Somewhere in this time I had a conversation with my daughter about the karate classes that Brendan and I used to take.  She decided that, of course, she needed to do it to because if there is ever anything that her brothers have done before her she must do them as well.  I contacted my friend and sure enough there was a new session just starting so I enrolled Kaylee.  I wasn’t sure how well this would go over because truthfully it is a lot of work, and more importantly you can’t talk during the class.  I knew this would be a major point of contention for my daughter.

Despite that, she actually enjoyed the class and was learning a little bit.  Her classmates seemed to have almost no interest in learning and were holding her back a little bit.  Thankfully, after taking the classes off and on for the past 20 years, I still knew all of the requirements for the first rank and was able to supplement my friends teachings at home.  After a couple of sessions when it became apparent that my daughter would be sticking with the classes my friend moved her up from beginner to the advanced class where she had more assistants and could spend some good quality time working with Kaylee to get her ready for her second rank.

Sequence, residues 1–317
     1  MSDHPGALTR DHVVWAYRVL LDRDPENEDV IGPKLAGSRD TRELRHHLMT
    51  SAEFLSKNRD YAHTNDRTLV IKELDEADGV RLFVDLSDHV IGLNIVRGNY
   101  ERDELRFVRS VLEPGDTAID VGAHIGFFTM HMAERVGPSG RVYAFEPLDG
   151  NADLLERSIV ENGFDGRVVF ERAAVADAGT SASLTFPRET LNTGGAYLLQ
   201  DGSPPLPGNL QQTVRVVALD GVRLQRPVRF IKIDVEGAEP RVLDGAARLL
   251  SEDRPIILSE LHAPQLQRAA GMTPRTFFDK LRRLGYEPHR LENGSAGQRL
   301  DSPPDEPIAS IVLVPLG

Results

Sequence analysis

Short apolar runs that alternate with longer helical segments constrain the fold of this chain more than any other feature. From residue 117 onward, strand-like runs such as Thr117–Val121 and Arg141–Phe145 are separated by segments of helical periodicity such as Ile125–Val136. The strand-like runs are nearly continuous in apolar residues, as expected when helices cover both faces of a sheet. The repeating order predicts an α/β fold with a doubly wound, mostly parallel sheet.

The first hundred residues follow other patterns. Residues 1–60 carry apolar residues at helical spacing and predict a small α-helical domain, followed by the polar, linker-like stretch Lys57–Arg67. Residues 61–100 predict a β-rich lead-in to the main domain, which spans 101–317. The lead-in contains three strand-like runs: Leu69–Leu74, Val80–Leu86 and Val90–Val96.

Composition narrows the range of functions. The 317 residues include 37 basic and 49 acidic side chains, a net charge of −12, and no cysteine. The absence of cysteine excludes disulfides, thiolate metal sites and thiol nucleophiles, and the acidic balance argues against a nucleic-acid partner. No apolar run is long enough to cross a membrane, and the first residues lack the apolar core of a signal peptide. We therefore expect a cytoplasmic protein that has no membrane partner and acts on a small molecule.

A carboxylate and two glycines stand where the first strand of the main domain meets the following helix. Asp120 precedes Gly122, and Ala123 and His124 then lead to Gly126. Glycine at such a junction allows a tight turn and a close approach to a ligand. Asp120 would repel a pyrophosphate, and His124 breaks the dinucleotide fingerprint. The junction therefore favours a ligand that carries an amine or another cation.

Since moving up to the advanced class at the beginning of this month her progress has really skyrocketed.  She’s still not quite ready for her next rank yet but she’s getting there which is really impressive to me given her age.  I can remember learning what she is when I was 16 and it was a lot for me to try and remember.  I can’t even imagine how she’s processing the same information at 5.

Now that my kids are older, and we don’t have any babies or toddlers at home I’ve tried to convince Matt and Brendan both that maybe it’s time for them to give karate another chance.  Neither is keen to take up the hobby again, and despite telling my friend that there’s no way I can go back with no feeling in my left foot I’ve been contemplating what we could do to accommodate that injury and thinking maybe just maybe it’s time for me to go back and finally finish what I started.

I Can See Right Through You

About 6 months ago we noticed that Cameron was making this horrible noise at random times throughout the day.  It was a cross between a snort and a throat clear.  At first we weren’t sure what to think of it.  He didn’t appear to be sick, and it wouldn’t be the first time that one of my children picked up a completely random irritating habit, Brendan is the king of habits that make you want to rip your hair out.  So for a while we ignored it and when that didn’t work we’d draw his attention to it and ask him to stop.